The Water Safety Patrol operates under the aegis of the Ozaukee County Sheriff’s Department division of emergency management, and it is a logical association. People from all over the county who access Lake Michigan at Port Washington, the county’s only port, stand to benefit from the rescue service. The County Board supervisors who for several years in succession tried to strip rescue boat funding from the county budget apparently missed that.

The city’s offer then of a cash contribution, in addition to in-kind support consisting of docking space and $1,500 worth of fuel for the rescue boat each season, was key to resolving the issue, but beyond that it was the right thing to do. Port Washington is a direct beneficiary of the rescue boat service.

The city, with help from the federal and state governments, provides the splendid facilities available to boaters in the county’s lake port, but it also reaps big rewards from them. The lakefront is the city’s biggest tourist attraction. The boat owners who launch their boats or rent slips in Port every year and the customers of the Port Washington charter boat fleet, one of the biggest on Lake Michigan, altogether pump millions into the city economy with their spending for food, lodging and retail purchases. The rescue boat is an essential element of the boating facilities that drive this business.

The marina itself is a profit maker for the city, and it is fitting that the rescue boat stipend comes from its revenues.

It was suggested at the Harbor Commission meeting that the city contribution to the rescue boat is questionable because some of the people rescued by the service are not city taxpayers.

There is no merit to that surprisingly pinched view. Most people understand that life-saving services don’t work that way. When lives are at risk, the addresses of those needing rescue don’t matter.  

The Harbor Commission’s misgivings came too late to affect 2016 rescue boat funding. If the issue is raised for subsequent years, city and county officials should by all means talk about it with a view toward settling on an equitable long-term rescue boat funding arrangement. But failing to fund the service cannot be an option.

A small move against gun carnage PDF Print E-mail
Written by Ozaukee Press   
Wednesday, 21 October 2015 22:05

Polls show gun owners want tighter restrictions on gun sales; a Milwaukee jury’s decision is a hopeful step in that direction

Responsible, law-abiding gun owners finally have some news to cheer about.

It came only a few weeks after yet another installment of some of the grimest gun news imaginable, the fatal shooting of eight students and a teacher at an Oregon college.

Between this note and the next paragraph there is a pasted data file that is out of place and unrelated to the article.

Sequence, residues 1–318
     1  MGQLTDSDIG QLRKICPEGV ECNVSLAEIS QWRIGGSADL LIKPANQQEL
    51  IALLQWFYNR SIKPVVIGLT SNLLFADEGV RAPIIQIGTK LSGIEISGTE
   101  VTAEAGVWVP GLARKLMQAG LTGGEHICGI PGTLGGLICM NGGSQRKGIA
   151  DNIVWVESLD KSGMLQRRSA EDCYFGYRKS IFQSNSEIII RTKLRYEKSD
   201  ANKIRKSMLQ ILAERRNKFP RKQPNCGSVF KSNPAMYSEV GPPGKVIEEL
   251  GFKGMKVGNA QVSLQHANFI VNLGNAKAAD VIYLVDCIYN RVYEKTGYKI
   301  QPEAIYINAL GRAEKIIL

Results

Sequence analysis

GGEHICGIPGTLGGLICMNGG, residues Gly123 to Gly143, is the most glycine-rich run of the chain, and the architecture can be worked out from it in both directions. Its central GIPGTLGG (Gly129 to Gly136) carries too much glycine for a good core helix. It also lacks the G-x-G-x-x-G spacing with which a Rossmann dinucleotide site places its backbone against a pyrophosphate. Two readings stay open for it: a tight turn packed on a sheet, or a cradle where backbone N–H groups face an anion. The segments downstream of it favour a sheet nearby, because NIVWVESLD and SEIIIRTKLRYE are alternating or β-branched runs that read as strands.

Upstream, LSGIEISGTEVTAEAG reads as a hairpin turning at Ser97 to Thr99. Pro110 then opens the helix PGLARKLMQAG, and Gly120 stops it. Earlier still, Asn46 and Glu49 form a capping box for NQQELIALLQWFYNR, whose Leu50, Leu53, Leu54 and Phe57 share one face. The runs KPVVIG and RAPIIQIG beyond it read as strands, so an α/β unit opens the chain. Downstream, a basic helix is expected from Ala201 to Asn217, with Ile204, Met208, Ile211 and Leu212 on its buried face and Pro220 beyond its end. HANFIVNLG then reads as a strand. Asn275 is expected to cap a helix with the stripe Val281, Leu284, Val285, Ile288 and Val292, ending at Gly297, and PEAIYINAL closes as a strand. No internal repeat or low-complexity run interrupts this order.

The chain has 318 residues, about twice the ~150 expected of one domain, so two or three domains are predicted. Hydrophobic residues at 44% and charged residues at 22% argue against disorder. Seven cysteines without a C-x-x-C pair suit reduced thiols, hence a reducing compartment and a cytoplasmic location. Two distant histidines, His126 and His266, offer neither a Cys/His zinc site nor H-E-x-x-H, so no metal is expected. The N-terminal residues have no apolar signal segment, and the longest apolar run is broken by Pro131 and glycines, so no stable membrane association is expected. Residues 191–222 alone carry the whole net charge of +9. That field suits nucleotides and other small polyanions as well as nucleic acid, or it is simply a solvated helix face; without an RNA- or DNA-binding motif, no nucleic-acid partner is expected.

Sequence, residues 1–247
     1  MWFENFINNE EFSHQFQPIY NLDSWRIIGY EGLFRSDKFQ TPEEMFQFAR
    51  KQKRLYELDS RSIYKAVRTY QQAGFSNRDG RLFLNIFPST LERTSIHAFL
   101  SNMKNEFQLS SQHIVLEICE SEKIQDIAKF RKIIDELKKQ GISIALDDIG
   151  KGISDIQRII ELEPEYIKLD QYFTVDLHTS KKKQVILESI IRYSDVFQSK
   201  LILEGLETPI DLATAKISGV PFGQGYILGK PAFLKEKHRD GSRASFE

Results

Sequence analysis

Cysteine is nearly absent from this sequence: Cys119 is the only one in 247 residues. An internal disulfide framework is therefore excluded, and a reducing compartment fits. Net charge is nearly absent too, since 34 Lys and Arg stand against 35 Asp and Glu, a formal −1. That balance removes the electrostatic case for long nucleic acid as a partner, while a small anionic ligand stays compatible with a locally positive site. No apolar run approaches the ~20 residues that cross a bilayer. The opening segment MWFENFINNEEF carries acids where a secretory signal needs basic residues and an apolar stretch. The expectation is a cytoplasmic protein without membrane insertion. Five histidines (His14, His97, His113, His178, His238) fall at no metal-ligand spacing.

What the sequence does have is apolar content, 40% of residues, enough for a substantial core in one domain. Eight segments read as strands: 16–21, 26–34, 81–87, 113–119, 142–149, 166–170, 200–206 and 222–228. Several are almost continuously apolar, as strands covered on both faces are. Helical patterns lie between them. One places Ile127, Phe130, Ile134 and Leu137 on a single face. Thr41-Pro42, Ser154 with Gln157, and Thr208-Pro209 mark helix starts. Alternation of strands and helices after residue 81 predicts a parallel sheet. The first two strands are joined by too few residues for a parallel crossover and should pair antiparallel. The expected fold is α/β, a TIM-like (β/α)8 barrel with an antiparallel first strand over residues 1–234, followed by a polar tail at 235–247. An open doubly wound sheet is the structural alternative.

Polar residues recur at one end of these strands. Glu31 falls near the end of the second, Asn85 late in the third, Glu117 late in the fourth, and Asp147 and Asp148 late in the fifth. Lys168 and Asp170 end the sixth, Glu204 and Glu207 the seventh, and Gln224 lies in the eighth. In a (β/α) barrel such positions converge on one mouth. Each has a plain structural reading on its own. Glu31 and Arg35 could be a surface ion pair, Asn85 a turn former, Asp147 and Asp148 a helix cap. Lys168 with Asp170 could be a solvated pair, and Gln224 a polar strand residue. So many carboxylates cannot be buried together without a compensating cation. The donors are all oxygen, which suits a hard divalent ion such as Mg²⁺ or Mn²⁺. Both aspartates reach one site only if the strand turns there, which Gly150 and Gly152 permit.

The good news arrived last week from Milwaukee, where a jury found a gun store liable for damages of nearly $6 million for selling a handgun to a straw buyer. 

The award went to two Milwaukee police officers for health care, lost wages and punitive damages. They were grievously injured when each was shot in the head with the illegally purchased gun by an 18-year-old man who received the weapon from the straw buyer.

A poll conducted this year found that the majority of gun owners want tighter regulation of gun dealers. The survey also found that majorities of the gun owners polled favor universal background checks of gun buyers, requirements for safe storage of guns in homes and prohibiting people convicted of assault and domestic violence from possessing guns.

None of those modest and sensible regulations are acceptable to the National Rifle Association or members of Congress who are in the thrall of the NRA’s political power. This amounts to an outlandish denial of the existence of America’s gun violence problem, which is so monstrous it has no parallel in the developed world.

The modern phenomenon of slaughters at schools, churches, shopping malls and theaters perpetrated by crazy people with guns is appalling, but no more so than the everyday toll guns take on life in America, where the following facts have been documented:

There are on average 92 deaths by guns here every day. Since 1970, more Americans have been killed by guns than were killed in all U.S. wars, starting with the Revolutionary War (1.45 million gun deaths in the last 45 years, compared to 1.4 million war deaths since 1775). More preschoolers in this country are killed by guns than police officers shot and killed in the line of duty (82 preschoolers compared to 27 police officers in 2013).

The notion that nothing can be done to arrest this carnage without violating Americans’ constitutional rights is absurd. Even the small measures favored by rank and file gun owners can make a difference. Stronger measures similar to those adopted by Australian federal and state governments could save thousands of lives.

After a deranged man used guns to kill 35 people in Tasmania in 1996, the conservative Australian government built a bipartisan coalition to enact laws that banned private sales of guns and ownership of certain types of rapid-fire weapons and provided for a nationwide buyback of firearms. Gun ownership remains legal, yet gun deaths have been sharply reduced.   

The Australian experience is mentioned to show that gun regulation can save lives, not to serve as an example for the U.S. to follow. As things stand, that would be a waste of space—it couldn’t happen here. Congress cannot even find the will to stand up to the NRA enough to require background checks for all gun buyers, even when gun owners want the government to take that small step to keep guns out of the hands of people unfit to have them.

Against that bleak background, the finding in the Milwaukee case holding the unscrupulous owners of a gun store responsible for violence committed with their products is indeed worth a cheer.

Unfortunately, it should probably be a muted cheer. The jury’s decision may not stand. It will be appealed based on the federal law passed in 2005 that gives gun dealers and makers immunity from lawsuits.

Congress managed to make a law to protect those who profit from gun sales, but it can’t find the spine to pass laws to protect those who suffer from gun violence.